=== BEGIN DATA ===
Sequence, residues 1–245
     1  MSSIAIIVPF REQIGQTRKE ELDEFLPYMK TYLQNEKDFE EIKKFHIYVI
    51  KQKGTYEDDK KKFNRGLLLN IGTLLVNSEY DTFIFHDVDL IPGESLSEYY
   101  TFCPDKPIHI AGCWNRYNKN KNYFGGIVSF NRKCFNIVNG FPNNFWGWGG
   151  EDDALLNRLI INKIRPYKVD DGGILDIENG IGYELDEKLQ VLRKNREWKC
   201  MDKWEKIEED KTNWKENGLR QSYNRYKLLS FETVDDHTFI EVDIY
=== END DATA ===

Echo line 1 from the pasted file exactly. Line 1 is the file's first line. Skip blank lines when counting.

Sequence, residues 1–245